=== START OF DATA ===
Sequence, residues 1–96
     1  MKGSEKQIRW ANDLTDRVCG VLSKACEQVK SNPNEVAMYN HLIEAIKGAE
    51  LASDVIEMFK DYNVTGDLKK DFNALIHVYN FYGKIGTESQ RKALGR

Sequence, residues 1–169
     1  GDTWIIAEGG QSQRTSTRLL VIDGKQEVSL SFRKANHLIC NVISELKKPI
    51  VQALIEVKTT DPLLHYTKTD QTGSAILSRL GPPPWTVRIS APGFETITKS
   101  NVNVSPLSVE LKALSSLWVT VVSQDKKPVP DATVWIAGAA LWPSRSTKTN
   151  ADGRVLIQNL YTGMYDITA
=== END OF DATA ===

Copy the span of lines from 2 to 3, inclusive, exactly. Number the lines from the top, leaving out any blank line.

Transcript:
     1  MKGSEKQIRW ANDLTDRVCG VLSKACEQVK SNPNEVAMYN HLIEAIKGAE
    51  LASDVIEMFK DYNVTGDLKK DFNALIHVYN FYGKIGTESQ RKALGR